The Acute Kidney Injury (AKI) team is up for Health Service Journal awards for Deteriorating Patients and Rapid Response Initiative of the Year.
The AKI team also won the best poster award at the UK Kidney Week Conference.
Shelagh Bickerton, Chief Clinical Nurse Specialist for Acute Kidney Injury, said, “I am delighted and proud that the AKI team has been shortlisted for this award. It was a real team effort to launch the service and it’s wonderful to have our hard work recognized in this way.
“We believe our service will continue to thrive, to the benefit of patients and staff.”
The team, which was formed in April 2021, reduced the length of stay by one day for AKI patients in its first year, saving almost £850,000.
It also reduced the number of patients requiring urgent hemodialysis for AKI by 18.7% compared to pre-pandemic figures. Hemodialysis is a machine that cleans toxins and waste from the blood when the kidneys are failing.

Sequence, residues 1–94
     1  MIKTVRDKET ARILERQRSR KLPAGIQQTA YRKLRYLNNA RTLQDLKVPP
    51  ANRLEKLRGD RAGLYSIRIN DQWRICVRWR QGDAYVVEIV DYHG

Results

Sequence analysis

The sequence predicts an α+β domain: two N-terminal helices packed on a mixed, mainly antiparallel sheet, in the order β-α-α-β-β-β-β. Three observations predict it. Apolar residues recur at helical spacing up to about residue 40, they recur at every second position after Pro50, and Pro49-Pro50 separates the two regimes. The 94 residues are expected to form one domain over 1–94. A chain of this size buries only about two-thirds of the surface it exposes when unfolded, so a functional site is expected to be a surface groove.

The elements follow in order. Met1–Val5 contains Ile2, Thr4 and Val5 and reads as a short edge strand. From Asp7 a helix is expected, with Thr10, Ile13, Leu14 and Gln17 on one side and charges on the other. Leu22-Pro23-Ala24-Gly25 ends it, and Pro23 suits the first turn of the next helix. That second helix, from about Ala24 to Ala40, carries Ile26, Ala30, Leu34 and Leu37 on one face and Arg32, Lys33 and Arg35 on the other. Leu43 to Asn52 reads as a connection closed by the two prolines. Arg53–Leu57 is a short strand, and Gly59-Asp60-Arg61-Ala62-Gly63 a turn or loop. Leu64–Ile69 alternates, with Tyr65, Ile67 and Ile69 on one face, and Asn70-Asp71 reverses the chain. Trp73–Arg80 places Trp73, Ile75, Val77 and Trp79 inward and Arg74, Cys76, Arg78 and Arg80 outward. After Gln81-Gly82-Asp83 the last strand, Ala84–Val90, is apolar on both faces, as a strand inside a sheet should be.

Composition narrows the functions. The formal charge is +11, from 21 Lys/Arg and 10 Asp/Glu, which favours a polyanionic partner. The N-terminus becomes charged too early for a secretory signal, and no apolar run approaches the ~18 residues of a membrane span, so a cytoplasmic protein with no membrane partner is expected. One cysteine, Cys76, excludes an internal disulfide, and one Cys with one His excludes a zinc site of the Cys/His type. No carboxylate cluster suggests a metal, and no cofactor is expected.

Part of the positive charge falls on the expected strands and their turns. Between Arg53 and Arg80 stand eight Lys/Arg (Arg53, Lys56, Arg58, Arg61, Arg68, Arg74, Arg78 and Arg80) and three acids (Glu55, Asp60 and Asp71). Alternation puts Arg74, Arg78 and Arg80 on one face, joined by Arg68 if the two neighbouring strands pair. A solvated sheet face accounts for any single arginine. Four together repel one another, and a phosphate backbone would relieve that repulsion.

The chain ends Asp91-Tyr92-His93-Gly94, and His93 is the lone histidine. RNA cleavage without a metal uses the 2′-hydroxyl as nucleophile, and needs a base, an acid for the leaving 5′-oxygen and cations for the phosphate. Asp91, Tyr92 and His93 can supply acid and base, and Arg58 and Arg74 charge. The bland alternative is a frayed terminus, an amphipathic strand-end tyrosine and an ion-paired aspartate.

A total of 221 patients were followed up and screened into appropriate clinics if necessary. The team provides training on several in-house courses to improve knowledge and confidence in ARI management, as well as ARI prevention education to patients and their careers.
The AKI service has recently been extended to seven days a week so that treatment can be provided 365 days a year at New Cross Hospital.
AKI is associated with high levels of mortality and morbidity, including the development of chronic kidney disease and associated complications. In response to this, AKI nurses were added to the existing renal team in an attempt to restore some balance and improve patient outcomes and experiences.
Hannah Blakey, Renal Registrar, said: “The AKI team are an invaluable member of Wolverhampton’s multidisciplinary team and support the Renal Service in providing a safe and effective service.
“It provides regular reviews of hospitalized patients with ARI, liaison with other medical teams and post-discharge follow-up.
“Our colleagues have enabled us to provide high-quality care, through early recognition and treatment of kidney disease, reduced hospital stays and improved patient experience. We would be lost without them.